When is the best time to procure truckload (TL) capacity? There is no single answer to this question because buying practices differ from shipper to shipper. However, understanding the timing options can help transportation managers to fine tune their TL procurement programs.
First, let’s look at a number of approaches employed by shippers. In the next post we’ll consider some general factors to consider when scheduling buying events.
The spectrum of bidding practices runs from serial procurers to shippers that are relative strangers to these exercises. For many players the decision is largely made for them by the dictates of the markets in which they compete. Here is a sample of practices currently followed.
High-frequency bidders. If you want to faithfully track the market then every load should be put out to bid. For most shippers this is impractical, but there are some notable exceptions. A company that serves the new construction market, for example, does not fix long-term contract rates because their shipping needs are in a constant state of flux. In general, companies that specialize in project freight tend to be frequent bidders because each shipment is unique. The idea of basing a TL procurement strategy on the spot market is untenable for many shippers, but you can take some of the “spot” out of the market with good planning.
Seasonal players. Although many seasonal shippers are regular contract bidders, some synchronize their procurement strategies with the market’s demand cycles. This can be extremely challenging. Take, for example, the plight of agricultural shippers we described in the TMC post A Fresh Crop of TMS Applications. During the growing season produce is often picked in the early morning, processed, and made ready for shipment that evening. While loads are in transit from, say, from California to New York State, freight rates can jump 10% to 15% in a single day or even within hours. There is high demand for truck space just prior to major holidays, and capacity crunches can follow these peaks as well due to delays in getting empty trucks back across the country. These market fluctuations impact the way shippers procure transportation.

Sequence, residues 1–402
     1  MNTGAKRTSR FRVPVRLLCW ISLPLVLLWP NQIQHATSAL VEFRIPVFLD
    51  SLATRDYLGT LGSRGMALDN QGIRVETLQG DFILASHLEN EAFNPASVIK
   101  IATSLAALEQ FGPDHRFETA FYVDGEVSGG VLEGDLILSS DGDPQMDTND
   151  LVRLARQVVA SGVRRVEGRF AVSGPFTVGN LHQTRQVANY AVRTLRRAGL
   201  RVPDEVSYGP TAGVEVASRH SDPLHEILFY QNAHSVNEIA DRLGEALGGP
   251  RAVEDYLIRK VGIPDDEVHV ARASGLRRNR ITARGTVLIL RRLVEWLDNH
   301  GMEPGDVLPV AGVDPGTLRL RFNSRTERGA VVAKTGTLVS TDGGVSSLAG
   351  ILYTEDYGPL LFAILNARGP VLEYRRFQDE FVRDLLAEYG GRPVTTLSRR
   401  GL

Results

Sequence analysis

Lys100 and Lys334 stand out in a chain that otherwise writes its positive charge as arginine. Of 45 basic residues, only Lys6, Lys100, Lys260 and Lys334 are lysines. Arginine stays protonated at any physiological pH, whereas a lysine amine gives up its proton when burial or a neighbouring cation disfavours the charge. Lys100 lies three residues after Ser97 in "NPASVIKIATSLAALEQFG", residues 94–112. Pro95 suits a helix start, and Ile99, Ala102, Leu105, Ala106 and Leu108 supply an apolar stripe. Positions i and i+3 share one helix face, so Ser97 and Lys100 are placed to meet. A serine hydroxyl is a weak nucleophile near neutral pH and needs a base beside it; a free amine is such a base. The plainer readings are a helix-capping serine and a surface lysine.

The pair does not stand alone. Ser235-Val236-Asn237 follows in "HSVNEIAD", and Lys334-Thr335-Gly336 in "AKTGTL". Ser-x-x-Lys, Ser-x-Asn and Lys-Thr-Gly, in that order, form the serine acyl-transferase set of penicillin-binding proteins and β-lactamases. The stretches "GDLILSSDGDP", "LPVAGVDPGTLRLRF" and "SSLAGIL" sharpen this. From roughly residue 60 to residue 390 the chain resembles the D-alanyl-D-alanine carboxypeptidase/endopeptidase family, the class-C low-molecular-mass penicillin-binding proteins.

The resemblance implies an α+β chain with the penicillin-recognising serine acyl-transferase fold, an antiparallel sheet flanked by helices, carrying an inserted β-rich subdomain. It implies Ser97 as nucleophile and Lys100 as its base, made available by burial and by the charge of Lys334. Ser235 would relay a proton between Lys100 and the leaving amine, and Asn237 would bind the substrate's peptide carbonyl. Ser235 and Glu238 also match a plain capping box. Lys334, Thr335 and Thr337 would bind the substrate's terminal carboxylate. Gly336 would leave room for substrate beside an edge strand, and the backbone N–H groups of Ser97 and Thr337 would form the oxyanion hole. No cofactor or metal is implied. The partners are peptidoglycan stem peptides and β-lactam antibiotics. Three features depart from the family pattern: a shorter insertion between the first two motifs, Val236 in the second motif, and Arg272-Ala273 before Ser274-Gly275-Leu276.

Hybrid buyers. A combination of contract and spot market bids is the best mix for some transportation managers. Perhaps 90% of the loads are moved by contract carriers, and the remaining 10% is allocated to spot providers to give the company more operational flexibility. Some shippers maintain a backup matrix of carriers to avoid using the true spot market. Examples include low-volume players such as consumer products companies, where new lanes have been introduced, or on inbound legs where the shipper has a large and diverse supplier base.
Fiscal adherents. In common with any other procurement activity, the buying of truck capacity is shaped to some extent by the company’s budgetary cycles. By aligning procurement events with these cycles, transportation managers can avoid having to resubmit their budgets to the finance department because their freight costs have suddenly changed.
Procurement skeptics. As is described in the recent C. H. Robinson white paper Benefits of Frequent Transportation Bids (for more on the paper see the post Fresh Procurement Insights from Stale Rates Study), some shippers doubt that they will recoup the costs of regular bids and only stage these contests occasionally or not at all. Some transportation managers point out that they can time the market and force carriers to hold below-market rates. Another argument is that rates are adjusted on an ongoing basis as part of the freight management process, so regular procurement events are not needed.
Regardless of which camp you are in, each of these strategies offers lessons about the timing of freight transportation procurement. The trick is to establish a timetable that supports your business needs.